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K201 (JTV-519) alters the spatiotemporal properties of diastolic Ca2+ release and the associated diastolic contraction during β-adrenergic stimulation in rat ventricular cardiomyocytes

Basic Research in Cardiology
Publication Date
DOI: 10.1007/s00395-011-0218-4
  • Original Contribution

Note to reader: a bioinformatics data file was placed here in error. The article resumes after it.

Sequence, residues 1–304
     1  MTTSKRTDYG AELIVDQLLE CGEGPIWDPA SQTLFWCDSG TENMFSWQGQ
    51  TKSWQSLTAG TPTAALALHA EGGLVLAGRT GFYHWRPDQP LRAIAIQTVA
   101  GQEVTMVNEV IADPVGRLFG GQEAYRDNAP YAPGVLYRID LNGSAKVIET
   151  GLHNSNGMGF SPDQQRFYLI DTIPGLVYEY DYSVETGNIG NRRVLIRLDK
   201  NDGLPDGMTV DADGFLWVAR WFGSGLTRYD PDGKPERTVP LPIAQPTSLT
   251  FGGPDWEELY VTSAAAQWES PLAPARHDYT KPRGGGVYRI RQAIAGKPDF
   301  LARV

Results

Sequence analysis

K201 has previously been shown to reduce diastolic contractions in vivo during β-adrenergic stimulation and elevated extracellular calcium concentration ([Ca2+]o). The present study characterised the effect of K201 on electrically stimulated and spontaneous diastolic sarcoplasmic reticulum (SR)-mediated Ca2+ release and contractile events in isolated rat cardiomyocytes during β-adrenergic stimulation and elevated [Ca2+]o. Parallel experiments using confocal microscopy examined spontaneous diastolic Ca2+ release events at an enhanced spatiotemporal resolution. 1.0 μmol/L K201 in the presence of 150 nmol/L isoproterenol (ISO) and 4.75 mmol/L [Ca2+]o significantly decreased the amplitude of diastolic contractions to ~16% of control levels. The stimulated free Ca2+ transient amplitude was significantly reduced, but stimulated cell shortening was not significantly altered. When intracellular buffering was taken into account, K201 led to an increase in action potential-induced SR Ca2+ release. Myofilament sensitivity to Ca2+ was not changed by K201. Confocal microscopy revealed diastolic events composed of multiple Ca2+ waves (2–3) originating at various points along the cardiomyocyte length during each diastolic period. 1.0 μmol/L K201 significantly reduced the (a) frequency of diastolic events and (b) initiation points/diastolic interval in the remaining diastolic events to 61% and 71% of control levels respectively. 1.0 μmol/L K201 can reduce the probability of spontaneous diastolic Ca2+ release and their associated contractions which may limit the propensity for the contractile dysfunction observed in vivo. Electronic supplementary material The online version of this article (doi:10.1007/s00395-011-0218-4) contains supplementary material, which is available to authorized users.

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